Full disclosure: this is all going to be as-I-think-of-it-opinion, I have no interest in interrupting the narrative flow by looking for links, and so I freely admit that it would be fair to discount or dismiss the results accordingly.
The Democrats are in for a bad election cycle, to the point where people are actually talking about the Democrats losing the House – and starting to hint that maybe, just maybe, it’s not entirely bizarre to suggest that the Senate might be technically in a position where the Republicans could take control of it. Long since past time that this happened to this party, to be sure: but why?
I think that it’s for a pretty simple reason: the American people subscribe to a pretty simple political mathematics. They divide our political class into Those Idiots Running Things and Those Idiots Out Of Power. Then they modify it with (I Hate Those Guys). Typically speaking, election cycles depend on which party gets the modifier. For example:
- 2002 (post-9/11): Normally a time for Those Idiots Out Of Power to win seats, but being at actual war meant that (I Hate Those Guys) continued to apply to the Democrats.
- 2004: This is where (I Hate Those Guys) began to shift away from Those Idiots Out Of Power. As I recall, House gains were largely from redistricting; if Those Idiots Out Of Power had put up somebody better than Kerry, the race would have been a heck of a lot closer.
- 2006: At this point, Those Idiots Running Things had officially gotten the (I Hate Those Guys) designation. And we got shellacked in Congress.
- 2008: Interesting case, here: the holding of the Presidency by the GOP meant that we got to be still treated as Those Idiots Running Things (I Hate Those Guys), instead of Those Idiots Out Of Power (I Hate Those Guys). The more I think of it, the more I think that maybe that saved us seats.
So now it’s 2010, and the Democrats are finally being seen as both Those Idiots Running Things and getting the (I Hate Those Guys) modifier. As witness to that latter, look at the two gubernatorial elections last year and this year’s Senatorial election. But don’t look at the win, per se: look at what the Democrats tried to do to our candidates.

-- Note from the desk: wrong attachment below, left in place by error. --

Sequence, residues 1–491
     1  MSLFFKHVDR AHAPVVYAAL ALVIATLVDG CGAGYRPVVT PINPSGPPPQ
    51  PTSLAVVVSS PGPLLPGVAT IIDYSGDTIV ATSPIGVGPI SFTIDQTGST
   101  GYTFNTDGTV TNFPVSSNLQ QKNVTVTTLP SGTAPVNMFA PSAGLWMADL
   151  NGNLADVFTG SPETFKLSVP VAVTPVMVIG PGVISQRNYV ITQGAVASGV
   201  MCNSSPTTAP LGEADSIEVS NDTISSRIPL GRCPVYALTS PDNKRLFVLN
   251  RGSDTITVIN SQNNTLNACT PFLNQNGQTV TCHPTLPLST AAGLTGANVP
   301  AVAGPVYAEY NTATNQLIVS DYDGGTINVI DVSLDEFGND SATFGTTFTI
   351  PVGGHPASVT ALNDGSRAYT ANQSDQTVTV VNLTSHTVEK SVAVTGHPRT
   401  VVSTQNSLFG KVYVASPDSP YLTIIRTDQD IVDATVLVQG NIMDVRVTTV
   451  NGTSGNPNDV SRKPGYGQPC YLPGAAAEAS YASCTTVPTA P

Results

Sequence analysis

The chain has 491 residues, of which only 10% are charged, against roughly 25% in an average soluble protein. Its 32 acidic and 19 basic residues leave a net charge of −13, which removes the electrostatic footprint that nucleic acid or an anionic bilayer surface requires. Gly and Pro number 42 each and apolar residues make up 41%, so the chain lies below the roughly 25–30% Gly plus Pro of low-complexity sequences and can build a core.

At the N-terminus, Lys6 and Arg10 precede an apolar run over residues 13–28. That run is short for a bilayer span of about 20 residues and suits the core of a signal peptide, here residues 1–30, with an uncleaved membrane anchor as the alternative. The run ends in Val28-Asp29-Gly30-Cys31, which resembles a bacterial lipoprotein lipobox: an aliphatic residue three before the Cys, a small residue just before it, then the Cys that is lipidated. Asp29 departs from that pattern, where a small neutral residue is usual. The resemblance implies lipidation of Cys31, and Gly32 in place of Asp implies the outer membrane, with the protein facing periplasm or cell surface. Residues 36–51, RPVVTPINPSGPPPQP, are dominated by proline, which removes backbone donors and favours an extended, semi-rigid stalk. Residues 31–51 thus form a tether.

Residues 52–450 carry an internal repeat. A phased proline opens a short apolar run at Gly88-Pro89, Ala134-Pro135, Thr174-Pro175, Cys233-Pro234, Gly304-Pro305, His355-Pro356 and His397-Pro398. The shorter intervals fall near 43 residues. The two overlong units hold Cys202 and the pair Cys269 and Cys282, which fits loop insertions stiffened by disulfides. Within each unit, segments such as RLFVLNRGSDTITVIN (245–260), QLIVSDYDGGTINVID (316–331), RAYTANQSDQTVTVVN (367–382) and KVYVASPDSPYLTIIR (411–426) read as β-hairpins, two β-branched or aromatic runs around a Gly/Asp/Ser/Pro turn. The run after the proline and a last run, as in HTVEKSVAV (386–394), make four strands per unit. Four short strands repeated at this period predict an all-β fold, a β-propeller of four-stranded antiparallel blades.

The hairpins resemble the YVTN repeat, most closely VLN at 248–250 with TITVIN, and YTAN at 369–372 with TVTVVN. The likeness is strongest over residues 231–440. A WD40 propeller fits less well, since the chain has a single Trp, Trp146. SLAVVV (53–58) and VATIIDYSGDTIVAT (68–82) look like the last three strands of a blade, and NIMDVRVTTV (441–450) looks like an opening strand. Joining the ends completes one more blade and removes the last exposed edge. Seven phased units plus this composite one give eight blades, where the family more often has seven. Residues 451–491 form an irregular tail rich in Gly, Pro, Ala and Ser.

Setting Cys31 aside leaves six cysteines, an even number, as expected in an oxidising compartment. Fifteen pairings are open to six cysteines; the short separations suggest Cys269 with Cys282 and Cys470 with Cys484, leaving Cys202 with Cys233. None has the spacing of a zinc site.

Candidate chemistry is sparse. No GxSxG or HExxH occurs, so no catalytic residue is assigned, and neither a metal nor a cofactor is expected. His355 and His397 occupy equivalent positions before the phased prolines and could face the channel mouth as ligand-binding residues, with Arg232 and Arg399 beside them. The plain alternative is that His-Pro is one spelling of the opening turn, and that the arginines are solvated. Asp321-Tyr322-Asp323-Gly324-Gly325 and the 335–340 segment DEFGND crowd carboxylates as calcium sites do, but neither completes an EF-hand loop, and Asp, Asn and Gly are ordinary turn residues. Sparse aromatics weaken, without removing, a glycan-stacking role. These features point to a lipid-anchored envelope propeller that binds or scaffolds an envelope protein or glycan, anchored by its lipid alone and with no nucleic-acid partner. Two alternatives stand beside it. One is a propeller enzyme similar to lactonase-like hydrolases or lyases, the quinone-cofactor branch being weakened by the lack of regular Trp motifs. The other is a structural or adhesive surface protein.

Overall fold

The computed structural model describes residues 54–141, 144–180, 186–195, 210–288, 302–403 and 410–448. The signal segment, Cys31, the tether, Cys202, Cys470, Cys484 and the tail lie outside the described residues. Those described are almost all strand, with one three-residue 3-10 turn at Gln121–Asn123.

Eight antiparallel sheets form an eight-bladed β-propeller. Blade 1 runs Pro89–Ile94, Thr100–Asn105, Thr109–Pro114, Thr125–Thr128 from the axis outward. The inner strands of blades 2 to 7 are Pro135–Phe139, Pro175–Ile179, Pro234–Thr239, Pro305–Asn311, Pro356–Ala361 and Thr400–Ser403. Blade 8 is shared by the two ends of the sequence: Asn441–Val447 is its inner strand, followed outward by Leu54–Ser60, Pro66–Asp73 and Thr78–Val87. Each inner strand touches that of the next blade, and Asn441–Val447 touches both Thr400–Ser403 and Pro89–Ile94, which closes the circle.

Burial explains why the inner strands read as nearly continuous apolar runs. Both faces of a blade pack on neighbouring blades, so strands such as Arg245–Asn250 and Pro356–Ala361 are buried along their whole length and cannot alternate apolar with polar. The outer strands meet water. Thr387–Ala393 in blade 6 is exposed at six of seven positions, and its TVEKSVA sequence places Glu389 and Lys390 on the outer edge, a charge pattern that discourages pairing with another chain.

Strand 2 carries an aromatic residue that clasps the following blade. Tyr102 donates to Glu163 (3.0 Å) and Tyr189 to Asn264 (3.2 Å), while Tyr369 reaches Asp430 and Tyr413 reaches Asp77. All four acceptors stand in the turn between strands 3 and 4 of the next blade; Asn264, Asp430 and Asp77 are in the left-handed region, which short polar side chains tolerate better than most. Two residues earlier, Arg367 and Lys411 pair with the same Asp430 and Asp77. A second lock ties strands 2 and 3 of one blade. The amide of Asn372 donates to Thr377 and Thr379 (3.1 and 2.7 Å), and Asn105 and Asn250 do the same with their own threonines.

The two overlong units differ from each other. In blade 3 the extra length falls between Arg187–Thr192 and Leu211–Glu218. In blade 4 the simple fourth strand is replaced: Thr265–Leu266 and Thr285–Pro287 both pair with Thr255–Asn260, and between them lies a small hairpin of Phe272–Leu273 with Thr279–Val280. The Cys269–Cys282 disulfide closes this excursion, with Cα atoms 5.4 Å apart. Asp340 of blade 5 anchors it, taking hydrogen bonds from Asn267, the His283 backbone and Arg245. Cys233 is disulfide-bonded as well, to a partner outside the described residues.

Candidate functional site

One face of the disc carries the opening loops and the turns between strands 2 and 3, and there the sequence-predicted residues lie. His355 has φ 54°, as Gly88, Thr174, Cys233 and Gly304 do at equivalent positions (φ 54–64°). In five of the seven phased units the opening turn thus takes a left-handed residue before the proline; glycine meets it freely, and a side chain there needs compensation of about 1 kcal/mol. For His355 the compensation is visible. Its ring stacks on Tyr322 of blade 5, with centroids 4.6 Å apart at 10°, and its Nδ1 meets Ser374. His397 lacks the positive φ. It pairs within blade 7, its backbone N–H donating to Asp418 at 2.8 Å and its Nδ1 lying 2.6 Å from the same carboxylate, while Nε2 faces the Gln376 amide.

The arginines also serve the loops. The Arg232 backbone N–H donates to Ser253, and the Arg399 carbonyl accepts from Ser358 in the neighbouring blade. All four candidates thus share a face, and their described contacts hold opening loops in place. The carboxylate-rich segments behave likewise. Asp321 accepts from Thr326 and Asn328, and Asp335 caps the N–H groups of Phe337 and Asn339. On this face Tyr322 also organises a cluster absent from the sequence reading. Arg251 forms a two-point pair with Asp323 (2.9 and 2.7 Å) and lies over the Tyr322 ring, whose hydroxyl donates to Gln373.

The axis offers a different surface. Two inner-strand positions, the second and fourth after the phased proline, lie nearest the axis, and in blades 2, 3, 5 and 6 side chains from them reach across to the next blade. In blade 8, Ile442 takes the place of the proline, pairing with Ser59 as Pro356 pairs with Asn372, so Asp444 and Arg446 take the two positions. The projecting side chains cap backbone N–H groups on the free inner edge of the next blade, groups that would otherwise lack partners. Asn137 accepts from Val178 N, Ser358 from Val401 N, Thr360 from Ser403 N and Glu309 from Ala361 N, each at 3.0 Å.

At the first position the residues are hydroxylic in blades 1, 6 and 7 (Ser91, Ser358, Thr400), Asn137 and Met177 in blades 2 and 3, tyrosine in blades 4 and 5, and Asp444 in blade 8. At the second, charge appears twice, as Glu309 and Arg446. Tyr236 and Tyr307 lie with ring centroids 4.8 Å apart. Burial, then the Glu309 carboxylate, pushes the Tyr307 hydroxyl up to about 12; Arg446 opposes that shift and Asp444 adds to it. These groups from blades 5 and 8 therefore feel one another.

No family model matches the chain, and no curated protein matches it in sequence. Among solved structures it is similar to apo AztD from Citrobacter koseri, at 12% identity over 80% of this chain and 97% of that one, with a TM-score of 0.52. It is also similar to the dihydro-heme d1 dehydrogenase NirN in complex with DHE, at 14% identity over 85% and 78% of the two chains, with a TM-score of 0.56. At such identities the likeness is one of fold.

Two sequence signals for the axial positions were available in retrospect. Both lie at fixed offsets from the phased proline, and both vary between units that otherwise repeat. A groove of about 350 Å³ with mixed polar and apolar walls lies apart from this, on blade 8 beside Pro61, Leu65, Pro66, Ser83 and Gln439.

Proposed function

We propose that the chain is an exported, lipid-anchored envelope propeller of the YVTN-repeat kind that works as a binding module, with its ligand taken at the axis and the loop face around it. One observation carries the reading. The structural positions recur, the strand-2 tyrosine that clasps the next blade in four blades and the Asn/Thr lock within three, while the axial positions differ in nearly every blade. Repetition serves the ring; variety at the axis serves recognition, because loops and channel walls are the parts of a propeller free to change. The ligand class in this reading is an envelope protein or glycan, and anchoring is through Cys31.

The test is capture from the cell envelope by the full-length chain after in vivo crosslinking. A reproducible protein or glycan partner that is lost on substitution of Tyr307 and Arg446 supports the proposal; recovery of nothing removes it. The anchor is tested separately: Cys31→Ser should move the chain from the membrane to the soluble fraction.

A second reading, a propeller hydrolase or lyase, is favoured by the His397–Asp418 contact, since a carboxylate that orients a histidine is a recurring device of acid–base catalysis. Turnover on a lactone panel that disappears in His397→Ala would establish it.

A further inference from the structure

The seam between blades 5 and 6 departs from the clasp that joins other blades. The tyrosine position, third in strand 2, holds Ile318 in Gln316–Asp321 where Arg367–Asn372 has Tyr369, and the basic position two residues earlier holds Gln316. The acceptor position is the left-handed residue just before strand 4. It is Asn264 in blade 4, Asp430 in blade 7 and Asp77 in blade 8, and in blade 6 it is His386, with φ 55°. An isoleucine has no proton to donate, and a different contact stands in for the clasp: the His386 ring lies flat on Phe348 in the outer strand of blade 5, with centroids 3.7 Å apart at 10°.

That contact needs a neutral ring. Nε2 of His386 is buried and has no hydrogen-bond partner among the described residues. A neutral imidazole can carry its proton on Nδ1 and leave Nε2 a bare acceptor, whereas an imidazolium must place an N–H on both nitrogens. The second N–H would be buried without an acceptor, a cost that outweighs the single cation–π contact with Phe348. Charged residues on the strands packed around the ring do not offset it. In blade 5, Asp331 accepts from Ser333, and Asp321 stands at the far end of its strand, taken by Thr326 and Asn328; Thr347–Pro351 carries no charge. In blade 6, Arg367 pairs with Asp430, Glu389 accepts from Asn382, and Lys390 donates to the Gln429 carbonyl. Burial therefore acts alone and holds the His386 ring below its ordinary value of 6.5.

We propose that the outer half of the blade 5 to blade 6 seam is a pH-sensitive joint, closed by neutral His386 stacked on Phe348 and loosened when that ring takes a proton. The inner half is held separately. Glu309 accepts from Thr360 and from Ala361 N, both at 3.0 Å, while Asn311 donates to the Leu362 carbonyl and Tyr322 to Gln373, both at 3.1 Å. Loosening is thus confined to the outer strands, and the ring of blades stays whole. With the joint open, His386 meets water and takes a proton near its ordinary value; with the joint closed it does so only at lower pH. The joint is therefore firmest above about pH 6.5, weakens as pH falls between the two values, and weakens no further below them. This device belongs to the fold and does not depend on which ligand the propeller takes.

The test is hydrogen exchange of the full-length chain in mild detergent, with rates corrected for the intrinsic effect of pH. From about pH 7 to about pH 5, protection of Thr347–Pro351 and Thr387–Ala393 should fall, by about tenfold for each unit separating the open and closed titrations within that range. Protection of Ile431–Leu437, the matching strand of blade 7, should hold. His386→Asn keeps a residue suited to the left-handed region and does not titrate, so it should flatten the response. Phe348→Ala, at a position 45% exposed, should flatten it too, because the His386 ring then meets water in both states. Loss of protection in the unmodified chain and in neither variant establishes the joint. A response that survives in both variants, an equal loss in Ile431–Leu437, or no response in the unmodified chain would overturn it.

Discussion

- In Virginia, Bob McDonnell was subjected to a full-court smear attempt over language in a twenty year old thesis – one that was enthusiastically supported by one of the top five newspapers in the country.
- In New Jersey, no Democrat ever referred to Chris Christie in a sentence without also referring to George W Bush.
- In Massachusetts, they tried… everything, really… to torpedo Scott Brown. Massive amounts of money, smear campaigns, personal appeals by the President, allegations of prejudice on Brown’s part, you name it, it was there in concentrated form.
All of these things were done because in 2006 and 2008 they worked. They worked fine, as a lot of former Congressmen and Senators could tell you. But they worked because American voters had decided that the Republicans deserved to be tagged with (I Hate Those Guys). That’s shifted… and it’ll be slow to shift back, because unless somebody waves a magic wand right now the economy and the mood of the country will still be rotten in November. And the Republicans will profit from it… for a time.
No permanent majorities, folks. Until one party learns how to stop having to take a turn at having to submit to being (I Hate Those Guys).
PS: Actually, yes, it is fair. The Democrats cheerfully took advantage of this situation when it was affecting the Republicans. So… karma. It’s what’s for dinner.
Crossposted to RedState.